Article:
You’re about to listen to Strength Running’s first live show with author Matt Fitzgerald. If you’re not familiar with Matt, he’s written more than 20 books about sports nutrition, endurance, running, and the marathon including my favorites, The Endurance Diet, Brain Training, Racing Weight, and Diet Cults.
This was recorded in front of a live audience at the Tattered Cover bookstore in Denver, Colorado.
Matt's latest book is a memoir called Life is a Marathon that chronicles his career as a coward when it comes to the suffering that inevitably accompanies endurance running. But he learns to overcome that suffering, and in doing so discovers the person he wants to become, for himself and for his wife Nataki who has severe bipolar disorder.
It’s a very different type of book about running that I highly recommend, especially if you want a moving read that isn’t heavy on training jargon.
I ran competitively against Peter while we were both in college. He was at Tufts University while I ran for Connecticut College.
Bromka was faster. In college, he was consistently a Varsity runner for their competitive Division III cross country team. But while he was a very good college runner, I wouldn't say he was a standout athlete.
Things started to change post-collegiately when Peter started running marathons. His first was 2:56 - a relatively pedestrian time by a former collegiate runner (one who was capable of running 25:xx for a 5-mile cross country course).
Soon, he dropped his time to 2:47. And then 2:41. His progression of improvement over 26.2 miles is eye-popping. After that 2:41, he ran:
His fastest finish came last December at the 2018 California International Marathon. His official time - 2:19:40 - missed the Olympic Trials Qualifying standard by a mere 40 seconds.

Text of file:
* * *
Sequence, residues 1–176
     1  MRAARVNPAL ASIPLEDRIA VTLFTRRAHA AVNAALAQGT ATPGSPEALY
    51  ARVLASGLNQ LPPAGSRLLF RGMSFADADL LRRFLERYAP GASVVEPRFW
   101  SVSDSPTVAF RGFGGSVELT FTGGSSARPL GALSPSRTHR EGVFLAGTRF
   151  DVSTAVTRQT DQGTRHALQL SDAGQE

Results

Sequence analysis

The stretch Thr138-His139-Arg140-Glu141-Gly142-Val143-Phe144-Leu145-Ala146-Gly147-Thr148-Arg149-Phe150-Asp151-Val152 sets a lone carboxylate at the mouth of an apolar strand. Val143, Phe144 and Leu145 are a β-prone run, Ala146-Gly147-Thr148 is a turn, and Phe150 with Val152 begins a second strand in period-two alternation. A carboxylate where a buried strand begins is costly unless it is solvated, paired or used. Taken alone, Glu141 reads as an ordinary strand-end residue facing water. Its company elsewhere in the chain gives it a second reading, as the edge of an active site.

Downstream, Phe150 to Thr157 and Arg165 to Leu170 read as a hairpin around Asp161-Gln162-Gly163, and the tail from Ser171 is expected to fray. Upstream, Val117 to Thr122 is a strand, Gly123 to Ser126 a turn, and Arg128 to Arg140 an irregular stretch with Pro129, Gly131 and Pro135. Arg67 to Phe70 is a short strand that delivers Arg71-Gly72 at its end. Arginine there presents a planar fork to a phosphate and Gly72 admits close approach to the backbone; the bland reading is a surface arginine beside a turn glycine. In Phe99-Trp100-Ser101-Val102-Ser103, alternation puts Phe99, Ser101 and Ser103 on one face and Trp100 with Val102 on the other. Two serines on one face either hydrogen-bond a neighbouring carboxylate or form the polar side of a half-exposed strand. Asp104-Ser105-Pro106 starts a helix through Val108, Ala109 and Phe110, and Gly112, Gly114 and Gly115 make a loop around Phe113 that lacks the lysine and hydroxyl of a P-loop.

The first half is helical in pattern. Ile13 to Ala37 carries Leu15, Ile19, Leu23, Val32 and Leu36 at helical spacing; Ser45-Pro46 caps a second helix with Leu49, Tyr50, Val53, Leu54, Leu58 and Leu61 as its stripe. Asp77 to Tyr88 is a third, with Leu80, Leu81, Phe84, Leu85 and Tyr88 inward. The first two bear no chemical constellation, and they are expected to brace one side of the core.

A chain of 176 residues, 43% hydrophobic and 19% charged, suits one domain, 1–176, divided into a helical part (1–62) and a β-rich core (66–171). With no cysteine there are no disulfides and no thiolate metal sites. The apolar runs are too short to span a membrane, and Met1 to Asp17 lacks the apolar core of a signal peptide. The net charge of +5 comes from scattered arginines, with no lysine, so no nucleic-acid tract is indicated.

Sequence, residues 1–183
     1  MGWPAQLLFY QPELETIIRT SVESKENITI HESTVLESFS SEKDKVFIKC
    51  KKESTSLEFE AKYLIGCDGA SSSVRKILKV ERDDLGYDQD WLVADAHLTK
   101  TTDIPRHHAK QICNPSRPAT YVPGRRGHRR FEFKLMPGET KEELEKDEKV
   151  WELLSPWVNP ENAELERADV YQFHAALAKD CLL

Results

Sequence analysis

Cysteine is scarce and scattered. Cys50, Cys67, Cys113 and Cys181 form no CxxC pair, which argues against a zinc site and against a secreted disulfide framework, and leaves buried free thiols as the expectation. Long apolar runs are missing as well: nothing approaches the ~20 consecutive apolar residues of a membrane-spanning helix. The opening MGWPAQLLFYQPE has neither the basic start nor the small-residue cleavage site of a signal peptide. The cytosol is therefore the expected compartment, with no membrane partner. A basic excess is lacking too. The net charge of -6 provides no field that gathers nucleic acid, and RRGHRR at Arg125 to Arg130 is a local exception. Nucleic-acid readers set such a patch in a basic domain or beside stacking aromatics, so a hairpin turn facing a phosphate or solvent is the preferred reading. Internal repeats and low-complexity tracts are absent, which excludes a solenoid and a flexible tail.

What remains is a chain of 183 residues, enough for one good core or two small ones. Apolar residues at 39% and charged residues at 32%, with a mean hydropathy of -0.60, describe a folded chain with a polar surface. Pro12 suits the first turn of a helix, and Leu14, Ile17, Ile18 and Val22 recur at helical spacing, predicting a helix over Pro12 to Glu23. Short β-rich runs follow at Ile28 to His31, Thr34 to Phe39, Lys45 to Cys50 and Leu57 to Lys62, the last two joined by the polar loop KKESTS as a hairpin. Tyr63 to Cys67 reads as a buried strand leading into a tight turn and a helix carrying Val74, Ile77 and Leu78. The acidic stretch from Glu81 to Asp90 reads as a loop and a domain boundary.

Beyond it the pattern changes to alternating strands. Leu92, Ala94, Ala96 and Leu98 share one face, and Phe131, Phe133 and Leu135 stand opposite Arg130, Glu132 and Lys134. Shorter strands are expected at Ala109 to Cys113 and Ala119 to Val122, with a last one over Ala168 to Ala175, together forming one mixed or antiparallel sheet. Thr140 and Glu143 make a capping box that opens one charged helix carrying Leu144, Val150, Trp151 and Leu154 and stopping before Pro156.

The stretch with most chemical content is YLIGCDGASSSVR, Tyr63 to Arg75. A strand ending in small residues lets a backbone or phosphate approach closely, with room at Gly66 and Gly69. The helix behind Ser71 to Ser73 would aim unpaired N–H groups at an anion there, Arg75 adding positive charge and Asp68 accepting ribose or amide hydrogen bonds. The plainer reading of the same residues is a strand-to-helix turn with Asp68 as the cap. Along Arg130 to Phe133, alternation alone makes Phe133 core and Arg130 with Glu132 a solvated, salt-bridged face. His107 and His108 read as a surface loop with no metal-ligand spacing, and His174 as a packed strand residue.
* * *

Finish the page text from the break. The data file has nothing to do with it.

This progression gives Peter Bromka one of the most fascinating stories in marathon running today. It's rare. It's unique. And we just don't see DIII runners flirting with Olympic Trials Qualifying times very often!
I brought Peter on the podcast to talk about this progression and the mental and physical adjustments he's had to make to continue improving.
In this episode, we talk about:
Peter Bromka is like a philosopher of running. You'll love hearing him wax poetic about the marathon distance and what it means to run it well.
Brad Stulberg is a polymath whose first book with coach Steve Magness, Peak Performance, was one of my favorite reads from 2018.
His work focuses on helping athletes, business executives, and other top performers improve their chances of success by work on:
His latest book is also coauthored by Steve Magness, titled The Passion Paradox: A Guide to Going All In, Finding Success, and Discovering the Benefits of an Unbalanced Life.
In this conversation, we spend time focusing on the nuances of passion, obsession, and building interest in things that we like.
His book is a defense of passion. It's a more nuanced, effective perspective on passion that acknowledges that it's hard to find, that it must be cultivated, and that too much of it can indeed be a bad thing.
You might know Craig as the 2013 Pan-American Jr. Games 1500m champion or the 4th place finisher at the 2016 US Olympic Trials in the 1500m. More recently, Craig won the USATF indoor mile and set a blazing 3:53 mile PR.
His list of personal bests is eye-popping:
Craig is a fun guy to talk with because he doesn’t take running too seriously. He’s a fierce competitor but you’ll also see how his running really took off in college when he was able to have fun with his team.
(it's funny how you perform better when you're having more fun outside of training...)
He also doesn’t take himself too seriously, which I find incredibly refreshing. He rocks a mullet and an absolutely perfect 1980’s style Burt Reynolds mustache. The RV only came after the mustache because he wanted to keep the 80's theme going.
In this wide-ranging conversation, Jason and Craig talk about how his career exploded in college, his affinity for running fast, and why your next breakthrough might require you to take running less seriously.
After college, Deena traveled to Amarosa, Colorado to train under Coach Joe Vigil. That's when her running took off.
To discover why and how this happened (it wasn't better training), Deena joined me on the Strength Running Podcast to discuss the mental journey she's taken throughout her career.
Our conversation focuses on several topics:
These are all major themes of her award-winning memoir Let Your Mind Run: A Memoir of Thinking My Way to Victory.